Wednesday, August 22, 2012

Sedman House

One of Montana’s best-kept secrets is the Sedman House, a beautifully furnished territorial period home in Nevada City, now under state ownership and maintained by the Montana Heritage Commission. It originally stood in nearby Junction City where it was one of the first large homes built in the region in 1873. Its builder, Madison County rancher and territorial legislator Oscar Sedman, met an unfortunate end. In 1881 during the legislative session in Helena, he suddenly took ill and died of “black measles,” the tick-born disease we know today as Rocky Mountain spotted fever. Sedman was the first Montana legislator to die during a session. He left a wife and four small children. His colleagues paid him tribute by draping his official chair in black crepe, turning it backwards to face the wall. After Oscar’s death, two of the Sedmans’ four children died. Mrs. Sedman remarried and moved to Missoula.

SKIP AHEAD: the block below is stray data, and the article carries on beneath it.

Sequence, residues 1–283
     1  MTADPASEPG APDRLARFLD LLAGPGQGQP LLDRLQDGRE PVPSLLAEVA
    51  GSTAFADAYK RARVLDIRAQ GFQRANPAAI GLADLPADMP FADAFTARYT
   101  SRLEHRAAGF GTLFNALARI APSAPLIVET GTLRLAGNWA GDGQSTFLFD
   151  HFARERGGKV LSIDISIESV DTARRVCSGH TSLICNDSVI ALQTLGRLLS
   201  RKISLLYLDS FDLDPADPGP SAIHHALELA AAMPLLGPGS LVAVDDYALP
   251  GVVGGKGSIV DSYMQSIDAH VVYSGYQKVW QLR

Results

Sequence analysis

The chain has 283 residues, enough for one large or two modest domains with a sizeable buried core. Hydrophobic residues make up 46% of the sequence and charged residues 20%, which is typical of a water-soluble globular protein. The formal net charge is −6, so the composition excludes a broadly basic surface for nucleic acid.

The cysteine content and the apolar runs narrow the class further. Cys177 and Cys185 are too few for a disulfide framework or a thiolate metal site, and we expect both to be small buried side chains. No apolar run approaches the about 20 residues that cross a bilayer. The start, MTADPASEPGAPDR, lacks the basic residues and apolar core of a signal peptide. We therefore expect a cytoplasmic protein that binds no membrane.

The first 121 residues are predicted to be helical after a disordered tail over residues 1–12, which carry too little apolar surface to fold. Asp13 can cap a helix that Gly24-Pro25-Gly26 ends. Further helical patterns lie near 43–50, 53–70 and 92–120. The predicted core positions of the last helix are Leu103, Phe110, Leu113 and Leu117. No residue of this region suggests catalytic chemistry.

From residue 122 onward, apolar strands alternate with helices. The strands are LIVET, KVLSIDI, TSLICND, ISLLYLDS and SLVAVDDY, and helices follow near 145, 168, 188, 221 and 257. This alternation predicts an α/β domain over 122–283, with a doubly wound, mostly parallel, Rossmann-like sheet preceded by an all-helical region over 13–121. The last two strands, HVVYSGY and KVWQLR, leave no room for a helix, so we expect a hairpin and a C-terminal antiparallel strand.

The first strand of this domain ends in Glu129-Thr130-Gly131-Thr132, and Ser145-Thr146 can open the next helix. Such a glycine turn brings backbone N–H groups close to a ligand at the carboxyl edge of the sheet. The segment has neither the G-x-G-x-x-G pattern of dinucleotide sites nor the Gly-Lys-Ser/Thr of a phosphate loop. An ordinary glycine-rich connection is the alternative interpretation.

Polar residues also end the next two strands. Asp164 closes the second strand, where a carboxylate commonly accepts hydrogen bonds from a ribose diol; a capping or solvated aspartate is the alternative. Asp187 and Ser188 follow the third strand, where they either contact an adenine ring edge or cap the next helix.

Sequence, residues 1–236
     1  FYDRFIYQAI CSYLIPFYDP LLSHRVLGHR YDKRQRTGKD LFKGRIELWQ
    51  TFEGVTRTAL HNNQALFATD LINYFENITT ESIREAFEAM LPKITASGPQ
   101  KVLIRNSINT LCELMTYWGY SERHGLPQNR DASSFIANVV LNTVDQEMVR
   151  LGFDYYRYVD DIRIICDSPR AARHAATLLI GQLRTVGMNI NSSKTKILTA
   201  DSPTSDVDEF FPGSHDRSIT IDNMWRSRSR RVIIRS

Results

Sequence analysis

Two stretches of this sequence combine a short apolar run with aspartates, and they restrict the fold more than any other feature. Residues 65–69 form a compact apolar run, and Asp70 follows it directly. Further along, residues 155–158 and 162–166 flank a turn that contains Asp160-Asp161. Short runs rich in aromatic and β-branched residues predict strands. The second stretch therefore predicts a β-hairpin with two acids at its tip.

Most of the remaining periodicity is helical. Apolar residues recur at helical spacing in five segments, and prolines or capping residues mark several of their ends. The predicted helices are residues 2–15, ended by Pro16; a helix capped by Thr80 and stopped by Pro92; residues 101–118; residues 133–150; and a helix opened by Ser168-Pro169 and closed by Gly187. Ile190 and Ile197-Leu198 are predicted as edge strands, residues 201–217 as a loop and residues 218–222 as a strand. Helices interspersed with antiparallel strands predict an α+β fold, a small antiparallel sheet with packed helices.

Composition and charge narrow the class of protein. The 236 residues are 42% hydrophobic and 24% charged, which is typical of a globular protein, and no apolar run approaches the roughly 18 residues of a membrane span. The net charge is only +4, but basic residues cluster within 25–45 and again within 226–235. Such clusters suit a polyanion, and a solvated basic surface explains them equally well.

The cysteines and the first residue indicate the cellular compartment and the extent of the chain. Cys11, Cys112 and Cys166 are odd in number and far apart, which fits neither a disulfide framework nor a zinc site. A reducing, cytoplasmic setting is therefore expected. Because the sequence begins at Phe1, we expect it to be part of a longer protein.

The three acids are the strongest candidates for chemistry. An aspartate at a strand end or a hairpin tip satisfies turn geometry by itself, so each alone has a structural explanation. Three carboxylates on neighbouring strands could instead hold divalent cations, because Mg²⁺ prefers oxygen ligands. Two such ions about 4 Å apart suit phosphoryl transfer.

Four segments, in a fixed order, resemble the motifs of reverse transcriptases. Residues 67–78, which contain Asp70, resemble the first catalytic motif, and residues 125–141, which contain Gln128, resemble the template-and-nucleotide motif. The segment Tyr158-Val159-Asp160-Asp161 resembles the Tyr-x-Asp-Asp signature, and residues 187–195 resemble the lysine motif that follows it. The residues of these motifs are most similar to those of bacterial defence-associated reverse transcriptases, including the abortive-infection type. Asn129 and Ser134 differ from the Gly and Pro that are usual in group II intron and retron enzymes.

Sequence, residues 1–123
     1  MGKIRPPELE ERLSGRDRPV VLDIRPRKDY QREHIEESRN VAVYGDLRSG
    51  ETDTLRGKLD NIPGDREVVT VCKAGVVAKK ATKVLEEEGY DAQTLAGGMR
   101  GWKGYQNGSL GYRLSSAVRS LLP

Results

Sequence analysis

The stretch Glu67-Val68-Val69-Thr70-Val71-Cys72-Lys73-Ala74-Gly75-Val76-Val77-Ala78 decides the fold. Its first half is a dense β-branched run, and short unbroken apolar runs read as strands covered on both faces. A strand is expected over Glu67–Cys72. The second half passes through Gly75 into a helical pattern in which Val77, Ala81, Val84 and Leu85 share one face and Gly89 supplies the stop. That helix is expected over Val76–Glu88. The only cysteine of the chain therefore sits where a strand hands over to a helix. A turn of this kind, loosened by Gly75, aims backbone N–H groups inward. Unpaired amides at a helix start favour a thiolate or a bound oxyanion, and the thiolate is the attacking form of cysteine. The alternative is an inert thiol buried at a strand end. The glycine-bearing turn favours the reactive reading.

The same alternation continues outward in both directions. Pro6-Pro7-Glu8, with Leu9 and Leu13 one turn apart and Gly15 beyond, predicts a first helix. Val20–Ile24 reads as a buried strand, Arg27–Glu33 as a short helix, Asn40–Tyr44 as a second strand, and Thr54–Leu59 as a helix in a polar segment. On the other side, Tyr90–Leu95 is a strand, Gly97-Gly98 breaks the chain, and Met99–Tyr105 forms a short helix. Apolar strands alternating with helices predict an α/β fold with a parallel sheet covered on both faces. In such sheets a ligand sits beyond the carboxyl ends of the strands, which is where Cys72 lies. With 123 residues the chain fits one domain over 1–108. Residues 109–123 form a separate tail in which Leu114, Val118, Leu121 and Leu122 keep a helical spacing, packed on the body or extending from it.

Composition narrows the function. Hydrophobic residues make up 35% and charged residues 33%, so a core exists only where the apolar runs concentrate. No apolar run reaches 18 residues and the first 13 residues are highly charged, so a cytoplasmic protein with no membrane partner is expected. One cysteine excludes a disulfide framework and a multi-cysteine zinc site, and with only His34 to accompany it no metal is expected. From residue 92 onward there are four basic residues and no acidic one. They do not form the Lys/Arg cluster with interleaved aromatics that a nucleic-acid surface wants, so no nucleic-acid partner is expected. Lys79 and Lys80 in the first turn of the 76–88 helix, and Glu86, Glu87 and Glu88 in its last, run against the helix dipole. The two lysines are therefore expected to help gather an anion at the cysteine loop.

Sedman House, June 12, 2009
Photo by E.L. Malvaney via Flickr
The Sedmans’ lovely home later became the Junction Hotel. After that, it served as a stable. Charles Bovey disassembled the badly deteriorated building and moved it a mile and a half to Nevada City where he put it back together. The home today is a focal point. The period furnishings include the desk of vigilante prosecutor Wilbur Fisk Sanders and Colonel Charles Broadwater’s personal gold-trimmed bathtub from his private suite at the far-famed Broadwater Hotel. A visit to the Sedman House in Nevada City is well worth it.

From Montana Moments: History on the Go
P.S. This weekend would be an especially good opportunity to visit the Sedman House.

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